Engineering Principles at Glean
Our Engineering team follows five key principles. Read on to learn what they are...4 min read Published: 18 Apr 2023
At Glean, the Engineering team follows five key software engineering principles. We pride ourselves on following these principles, we work to ensure that they aren’t lip service. While this isn't an exhaustive list of all the things we value and practice, we feel these are especially important.
- Incremental Changes
At Glean, we care deeply about making sure our code is well tested. This unlocks a whole suite of benefits: we can practise continuous delivery, limit the need for out-of-hours production support, and can move fast without breaking things. Releasing our software is super low stress - a routine occurrence that happens multiple times a day.
We seek to maximise the value we get out of our automated tests. We want tests that provide a high level of confidence that a feature still works, but they should also execute quickly and without flakes. We can't always have both – when we can't, we'll try and strike a balance at different levels using the Testing Pyramid.
Developers typically author the end-to-end tests, and also ensure that manual exploratory testing is well supported (for example, by adding options in the debug menu, or "test helper" endpoints, to arrange test scenarios).
The greatest challenge in software development is managing complexity. Some complexity in software is inherent to the problem being tackled - any solution would have to deal with it in some form. But other complexity is "accidental complexity" - complexity introduced by the choices, the frameworks and libraries we use, the patterns and architectures we adopt, and the evolution of the system over time.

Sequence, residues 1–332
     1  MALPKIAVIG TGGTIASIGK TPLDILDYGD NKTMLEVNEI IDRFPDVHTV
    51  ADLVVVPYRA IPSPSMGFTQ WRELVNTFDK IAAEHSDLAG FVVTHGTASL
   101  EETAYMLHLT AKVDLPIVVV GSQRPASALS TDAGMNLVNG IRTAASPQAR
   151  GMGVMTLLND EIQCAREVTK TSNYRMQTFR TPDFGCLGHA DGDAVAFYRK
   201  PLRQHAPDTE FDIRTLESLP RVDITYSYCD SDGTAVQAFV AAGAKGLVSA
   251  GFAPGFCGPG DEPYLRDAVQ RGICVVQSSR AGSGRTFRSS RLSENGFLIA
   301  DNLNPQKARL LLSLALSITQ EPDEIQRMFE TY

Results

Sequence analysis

As complexity increases, it becomes harder to hold a mental model of the system in our heads, more challenging to understand any part of the system, and reduces our ability to predict all the consequences of a change. We start to go slower, and seemingly simple changes start to take longer.
There are a number of tactics that can help. Focusing on building "the simplest thing that could possibly work", rather than anticipating future needs that may or may not transpire (sometimes expressed as YAGNI - "you ain't gonna need it"). Good modularity is important - can we understand any class or function more-or-less in isolation, or do we have to reason about dozens of other pieces of code for it to start to make sense? Can we collaborate with Product on keeping product requirements simple - avoiding lots of intricate variations and edge cases? We also fight for time to address "technical debt", in order to keep our velocity high.
There are many good ideas, methodologies and best practices to draw from in software, and sometimes people can become ardent advocates for a particular way of doing things. At Glean, we realise everything is context-dependent - there are no absolute rules, just rules of thumb. We are opinionated, but not dogmatic - for example, we like immutability and default to that where possible, but we sometimes use mutation where there's good reason to. Every choice has advantages and disadvantages, and our job is to weigh them and pick a good tradeoff for any particular situation.